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House Jan. 6 committee members will likely get security detail

Witnesses testify about pressure, threats
At Jan. 6 hearing, state officials and election workers say Trump targeted them 07:31

All members of the House select committee investigating the Jan. 6, 2021, attack on the Capitol will likely receive their own U.S. Capitol Police security detail due to an uptick in threats, according to a congressional source familiar with the matter. 

It's unclear exactly when the security detail would begin, but likely before members head home for Independence Day recess. Chair Bennie Thompson, Vice Chair Liz Cheney and GOP Rep. Adam Kinzinger already have security details, and the rest of the members have been requesting similar protection for a while, the source said. The Washington Post first reported that all members of the committee will likely get a detail due to the increase in threats. 

The increase in threats comes as the committee, through witnesses, details attempts made by former President Trump and his allies to influence the outcome of the 2020 presidential election after the fact. On Tuesday, local election workers testified about threats made against them and their families for carrying out the election process according to the law. 

Congress recently passed legislation to provide greater security of members of the Supreme Court, after a California man was arrested outside Associate Justice Brett Kavanaugh's home with weapons and charged with attempted murder. That suspect, Nicholas Roske, pleaded not guilty on Wednesday to attempting to assassinate a Supreme Court Justice, and faces up to life in prison if convicted.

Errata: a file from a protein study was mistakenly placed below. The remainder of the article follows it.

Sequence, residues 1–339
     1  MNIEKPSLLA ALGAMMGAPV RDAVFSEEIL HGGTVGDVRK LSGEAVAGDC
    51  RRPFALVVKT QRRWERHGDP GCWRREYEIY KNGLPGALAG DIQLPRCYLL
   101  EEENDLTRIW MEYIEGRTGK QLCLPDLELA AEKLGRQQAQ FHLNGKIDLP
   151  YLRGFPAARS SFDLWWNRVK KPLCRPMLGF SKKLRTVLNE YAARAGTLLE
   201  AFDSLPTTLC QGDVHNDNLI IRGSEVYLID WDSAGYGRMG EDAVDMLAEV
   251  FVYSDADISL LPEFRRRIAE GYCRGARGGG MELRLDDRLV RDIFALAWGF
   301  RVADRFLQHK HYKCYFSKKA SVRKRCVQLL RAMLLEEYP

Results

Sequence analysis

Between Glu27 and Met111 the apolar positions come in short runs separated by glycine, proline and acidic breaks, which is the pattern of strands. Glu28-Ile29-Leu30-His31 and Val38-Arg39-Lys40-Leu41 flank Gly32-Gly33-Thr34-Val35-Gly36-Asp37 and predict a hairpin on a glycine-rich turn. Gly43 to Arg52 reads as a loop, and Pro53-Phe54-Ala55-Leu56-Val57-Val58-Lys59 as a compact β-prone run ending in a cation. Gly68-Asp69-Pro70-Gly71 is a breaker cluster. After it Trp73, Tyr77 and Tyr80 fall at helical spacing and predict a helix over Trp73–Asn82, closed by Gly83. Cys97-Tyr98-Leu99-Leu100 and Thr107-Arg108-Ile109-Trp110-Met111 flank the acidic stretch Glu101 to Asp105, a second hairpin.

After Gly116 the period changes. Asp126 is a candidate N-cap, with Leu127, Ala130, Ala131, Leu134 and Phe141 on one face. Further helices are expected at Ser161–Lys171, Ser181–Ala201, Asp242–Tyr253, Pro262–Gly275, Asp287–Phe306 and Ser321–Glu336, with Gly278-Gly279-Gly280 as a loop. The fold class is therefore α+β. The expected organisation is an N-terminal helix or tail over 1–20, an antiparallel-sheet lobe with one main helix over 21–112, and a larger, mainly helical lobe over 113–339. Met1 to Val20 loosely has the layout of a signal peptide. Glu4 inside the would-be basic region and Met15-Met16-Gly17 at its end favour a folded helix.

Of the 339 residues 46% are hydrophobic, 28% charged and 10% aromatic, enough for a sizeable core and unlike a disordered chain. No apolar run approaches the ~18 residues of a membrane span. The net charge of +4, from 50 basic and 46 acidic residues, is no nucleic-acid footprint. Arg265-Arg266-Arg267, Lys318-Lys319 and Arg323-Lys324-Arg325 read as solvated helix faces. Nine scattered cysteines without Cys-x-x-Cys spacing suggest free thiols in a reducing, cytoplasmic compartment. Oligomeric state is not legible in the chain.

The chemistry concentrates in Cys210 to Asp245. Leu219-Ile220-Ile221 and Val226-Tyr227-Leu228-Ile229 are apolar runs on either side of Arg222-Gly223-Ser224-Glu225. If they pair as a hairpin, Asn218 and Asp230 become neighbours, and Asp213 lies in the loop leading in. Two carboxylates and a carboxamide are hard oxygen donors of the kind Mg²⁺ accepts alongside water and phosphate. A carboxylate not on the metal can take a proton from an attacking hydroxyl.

House January 6th Select Committee Holds Its Third Hearing
WASHINGTON, DC - JUNE 16: The House Select Committee to Investigate the January 6th Attack on the U.S. Capitol hold their third hearing on the January 6th investigation in the Cannon House Office Building on June 16, 2022 in Washington, DC.  Drew Angerer / Getty Images

Meanwhile, the Justice Department's investigation of the Jan. 6 Capitol attack appeared to gain momentum Wednesday as the FBI on Wednesday authorized law enforcement activity in two places — at the address of Brad Carver, a Georgia lawyer who allegedly signed a document claiming to be a Trump elector, and at the Virginia home of Thomas Lane, who worked on Trump campaign objectives in New Mexico and Arizona. The Washington Post first reported the law enforcement activity. 

The FBI and Justice Department declined to comment. 

On Thursday, the committee is slated to hear from top former DOJ officials, in what Thompson described as former President Trump's attempts to use the DOJ to help overturn the 2020 election.

"Just as we heard today that Donald Trump was deeply involved in the scheme to pressure state officials to overturn the election results, we will hear on Thursday that Donald Trump was also the driving force behind an effort to corrupt the Justice Department," Thompson said during Tuesday's hearing. 

Michael Kaplan and Jeff Pegues contributed to this report. 

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